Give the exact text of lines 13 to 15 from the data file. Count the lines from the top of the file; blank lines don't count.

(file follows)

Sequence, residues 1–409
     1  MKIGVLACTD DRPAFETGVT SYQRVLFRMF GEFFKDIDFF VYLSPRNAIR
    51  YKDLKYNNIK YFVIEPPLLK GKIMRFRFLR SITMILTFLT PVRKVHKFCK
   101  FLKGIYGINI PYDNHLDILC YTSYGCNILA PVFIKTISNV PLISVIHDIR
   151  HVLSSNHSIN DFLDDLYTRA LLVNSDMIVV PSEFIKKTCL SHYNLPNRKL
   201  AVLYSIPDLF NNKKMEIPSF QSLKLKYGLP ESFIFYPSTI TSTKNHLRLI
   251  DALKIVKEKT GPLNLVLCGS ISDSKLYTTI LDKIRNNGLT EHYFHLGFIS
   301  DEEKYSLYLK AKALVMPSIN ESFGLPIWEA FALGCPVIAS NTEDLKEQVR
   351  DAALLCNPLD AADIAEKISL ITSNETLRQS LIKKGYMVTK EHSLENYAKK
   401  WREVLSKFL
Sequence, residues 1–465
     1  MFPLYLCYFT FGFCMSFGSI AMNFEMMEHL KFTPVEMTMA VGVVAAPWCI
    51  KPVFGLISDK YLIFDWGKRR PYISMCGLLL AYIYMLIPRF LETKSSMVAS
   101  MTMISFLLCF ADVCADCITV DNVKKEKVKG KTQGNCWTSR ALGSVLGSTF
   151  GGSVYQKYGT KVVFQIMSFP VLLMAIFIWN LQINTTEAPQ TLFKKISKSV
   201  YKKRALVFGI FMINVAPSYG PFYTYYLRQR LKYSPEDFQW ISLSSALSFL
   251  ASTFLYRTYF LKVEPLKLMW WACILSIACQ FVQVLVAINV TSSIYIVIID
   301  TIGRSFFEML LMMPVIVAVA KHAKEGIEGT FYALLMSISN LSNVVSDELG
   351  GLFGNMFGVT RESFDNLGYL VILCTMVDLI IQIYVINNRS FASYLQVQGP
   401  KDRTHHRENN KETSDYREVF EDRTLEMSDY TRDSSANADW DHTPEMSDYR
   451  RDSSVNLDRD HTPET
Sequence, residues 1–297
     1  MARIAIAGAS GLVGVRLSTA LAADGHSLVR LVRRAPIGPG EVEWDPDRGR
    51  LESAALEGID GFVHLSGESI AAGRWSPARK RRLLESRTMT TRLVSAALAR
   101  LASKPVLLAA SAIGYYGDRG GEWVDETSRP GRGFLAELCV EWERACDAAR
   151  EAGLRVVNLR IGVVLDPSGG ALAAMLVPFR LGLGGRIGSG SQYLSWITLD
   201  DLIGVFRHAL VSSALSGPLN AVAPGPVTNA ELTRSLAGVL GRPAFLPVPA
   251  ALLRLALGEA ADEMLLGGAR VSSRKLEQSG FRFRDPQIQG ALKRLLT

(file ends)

    51  KPVFGLISDK YLIFDWGKRR PYISMCGLLL AYIYMLIPRF LETKSSMVAS
   101  MTMISFLLCF ADVCADCITV DNVKKEKVKG KTQGNCWTSR ALGSVLGSTF
   151  GGSVYQKYGT KVVFQIMSFP VLLMAIFIWN LQINTTEAPQ TLFKKISKSV